Backgrounder No. 43
In Sub-Saharan Africa, the dual impact of violent conflict and the HIV/AIDS epidemic has led to dramatic changes in family units and systems of care (Barnett, 2005; Christiansen, 2005). Unaccompanied youth-headed households are increasingly observed throughout the region. This trend is seen as a symbol of the social safety net breaking down (Roalkvam, 2005).
Research has shown, however, that youth-headed households require particular attention from government policy makers and programs. Householdheads often deal with familial care responsibilities and economic deprivation from factors such as displacement, loss of adult primary income earners and difficulty in accessing employment or land (Ayieko, 1997; Donald & Clacherty, 2005; Ruiz-Casares, 2010). Many also face a heightened sexual risk due to their social, economic and physical vulnerability (Evans, 2010). All things considered, however, youth who head households also frequently demonstrate resilience, taking on ‘adult’ roles such as full-time care giving, planning for the future and finding innovative solutions to their problems (Ruiz-Casares, 2009; Ward (Lee) & Eyber, 2009).
The 1994 genocide and parental deaths from the ongoing HIV/AIDS epidemic have created radical shifts in the composition of households across Rwanda (Des Forges, 1999; MacLellan, 2005).In the 1990s, for example, Rwanda had one of the highest proportions of youth-led families in the world1 and today, over 100,000 children are believed to live in such households (UNICEF, 2009).
As Kenyan economist Monica Ayieko has argued (1997), an urgent situation among a growing number of youth-headed households caused by HIV/AIDS, including the vulnerability of young females working in the commercial sex trade. Though exact figures are unknown, over the past decade the numbers of children heading their households has continued to increase with the impact of HIV/AIDS on family stability as well as cycles of conflict and displacement, particularly in the Rift Valley and the North East Province(Oyugi, 2000).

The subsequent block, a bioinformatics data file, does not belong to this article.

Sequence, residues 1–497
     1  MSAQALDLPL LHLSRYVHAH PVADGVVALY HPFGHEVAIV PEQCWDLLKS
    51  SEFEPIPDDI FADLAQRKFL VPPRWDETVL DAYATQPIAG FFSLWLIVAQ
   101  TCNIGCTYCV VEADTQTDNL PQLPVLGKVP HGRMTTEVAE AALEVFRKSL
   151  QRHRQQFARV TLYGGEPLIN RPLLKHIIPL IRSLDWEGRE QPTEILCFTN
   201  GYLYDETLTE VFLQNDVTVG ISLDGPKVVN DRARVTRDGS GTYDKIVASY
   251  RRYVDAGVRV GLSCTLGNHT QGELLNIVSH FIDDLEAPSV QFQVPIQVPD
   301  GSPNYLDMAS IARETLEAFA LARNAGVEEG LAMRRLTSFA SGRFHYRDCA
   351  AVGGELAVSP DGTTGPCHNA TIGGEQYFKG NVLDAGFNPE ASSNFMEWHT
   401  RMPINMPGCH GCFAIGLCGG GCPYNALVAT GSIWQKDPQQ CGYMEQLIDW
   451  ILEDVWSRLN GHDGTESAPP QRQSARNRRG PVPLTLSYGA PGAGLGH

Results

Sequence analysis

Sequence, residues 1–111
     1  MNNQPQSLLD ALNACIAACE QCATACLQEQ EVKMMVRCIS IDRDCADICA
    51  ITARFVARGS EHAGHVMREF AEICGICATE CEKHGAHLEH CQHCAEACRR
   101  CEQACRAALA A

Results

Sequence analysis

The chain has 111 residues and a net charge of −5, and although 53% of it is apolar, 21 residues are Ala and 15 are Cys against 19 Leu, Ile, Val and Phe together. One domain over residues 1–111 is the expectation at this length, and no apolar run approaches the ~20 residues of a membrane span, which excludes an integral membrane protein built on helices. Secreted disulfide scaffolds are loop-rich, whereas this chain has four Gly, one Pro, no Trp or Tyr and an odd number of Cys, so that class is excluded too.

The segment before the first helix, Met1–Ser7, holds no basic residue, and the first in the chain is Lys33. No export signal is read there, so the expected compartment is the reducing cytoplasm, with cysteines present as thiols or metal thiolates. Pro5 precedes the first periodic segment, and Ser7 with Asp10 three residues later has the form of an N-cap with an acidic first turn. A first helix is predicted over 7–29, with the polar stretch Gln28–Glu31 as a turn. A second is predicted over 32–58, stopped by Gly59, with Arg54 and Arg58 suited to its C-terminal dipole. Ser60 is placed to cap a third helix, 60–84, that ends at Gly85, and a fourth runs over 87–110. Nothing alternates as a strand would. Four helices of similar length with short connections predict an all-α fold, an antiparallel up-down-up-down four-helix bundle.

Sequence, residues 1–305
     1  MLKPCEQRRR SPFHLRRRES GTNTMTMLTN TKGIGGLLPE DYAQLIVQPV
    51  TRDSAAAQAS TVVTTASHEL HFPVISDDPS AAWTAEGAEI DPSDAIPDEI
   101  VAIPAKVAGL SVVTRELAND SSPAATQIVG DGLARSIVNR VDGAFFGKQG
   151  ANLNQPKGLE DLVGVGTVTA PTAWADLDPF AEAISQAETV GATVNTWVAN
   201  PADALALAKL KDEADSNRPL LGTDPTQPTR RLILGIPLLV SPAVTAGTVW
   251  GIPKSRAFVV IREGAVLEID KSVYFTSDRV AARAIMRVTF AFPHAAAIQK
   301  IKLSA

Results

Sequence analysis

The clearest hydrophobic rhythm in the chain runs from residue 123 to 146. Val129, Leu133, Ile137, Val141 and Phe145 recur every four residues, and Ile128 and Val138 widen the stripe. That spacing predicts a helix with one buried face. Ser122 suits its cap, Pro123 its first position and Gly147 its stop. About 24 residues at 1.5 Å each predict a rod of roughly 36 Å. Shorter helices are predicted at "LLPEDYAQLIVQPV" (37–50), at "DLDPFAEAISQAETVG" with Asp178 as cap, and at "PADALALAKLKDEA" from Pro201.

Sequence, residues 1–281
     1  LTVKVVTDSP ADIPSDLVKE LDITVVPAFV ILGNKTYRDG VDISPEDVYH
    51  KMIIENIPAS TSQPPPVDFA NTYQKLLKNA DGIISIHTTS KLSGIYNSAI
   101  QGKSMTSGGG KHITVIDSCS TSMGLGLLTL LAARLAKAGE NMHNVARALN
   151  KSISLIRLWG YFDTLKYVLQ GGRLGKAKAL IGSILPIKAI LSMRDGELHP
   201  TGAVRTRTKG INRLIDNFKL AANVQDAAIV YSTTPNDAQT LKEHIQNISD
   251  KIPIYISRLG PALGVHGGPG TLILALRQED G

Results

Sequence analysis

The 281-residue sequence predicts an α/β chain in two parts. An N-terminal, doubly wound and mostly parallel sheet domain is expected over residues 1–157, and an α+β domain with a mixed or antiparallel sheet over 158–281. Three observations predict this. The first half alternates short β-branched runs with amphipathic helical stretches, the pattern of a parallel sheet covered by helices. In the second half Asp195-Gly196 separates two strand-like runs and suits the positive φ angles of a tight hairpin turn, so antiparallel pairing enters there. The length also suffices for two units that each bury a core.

Laura Ward and Carola Eyber have also suggested (2009) there is an urgent need to develop and implement community-based approaches to reduce the vulnerabilities faced by such young people, while building on their resiliency and access to existing community social resources. Policies and strategies at the international and national levels are critical to the coordination and resource allocation of such programs.
In 2001, the UN General Assembly Special Session on HIV/AIDS adopted a Declaration of Commitment that sets specific targets for all signatory nations. In recognition of the special attention needed by children affected by HIV/AIDS, the declaration maintained that by 2005, all signatories develop and implement national policies to assist orphans and vulnerable children (OVC). The declaration further called for an integrated response from all sectors within international and national structures.
The United Nations Children’s Fund (UNICEF) has also developed a framework for working with OVC in 2004 (UNICEF, 2004) that recognized youth-headed households require particular forms of support. It stated that:
In practice, care of orphans and vulnerable children comes from… communities caring for children in child-headed households or with no family involvement. Reinforcing the capacity of communities to provide support, protection and care is the foundation of a response that will match the scale and long-term impact of the HIV/AIDS crisis for children (UNICEF, 2004: 19).
Rwanda’s National Policy for Orphans and Vulnerable Children was developed by the Ministry of Local Government, Information and Social Affairs in 2003(MINALOC, 2003). A national strategic plan of action for OVC was also developed, the latest version of which covers 2007 to 2011(MINALOC, 2006). The main objectives of these policies are to fight against stigma associated with HIV/AIDS and to advocate against all associated forms of abuse, violence and exploitation (MINALOC, 2006: 3).
In Rwanda’s OVC strategic plan, the policy recognizes youth-headed households as an increasing problem and one of 13 distinctly vulnerable youth groups (MINOALOC, 2003). Two main strategies are proposed to ensure the livelihoods of children are maintained through a system of community based care: the initiation of mentor systems and provision of socioeconomic support for affected households (MINALOC, 2003). Strategic Objective 3.1 outlines that youth-headed households should be strengthened economically through skills training, microcredit schemes and other income generating activities (MINALOC, 2006). To this end there are budgetary allocations that are administered and coordinated by government and civil society organizations. Also mandated specifically for youth-headed households is the provision of cash transfers and assurance of proper water, sanitation and hygiene facilities (Strategic Objective 4.5.1).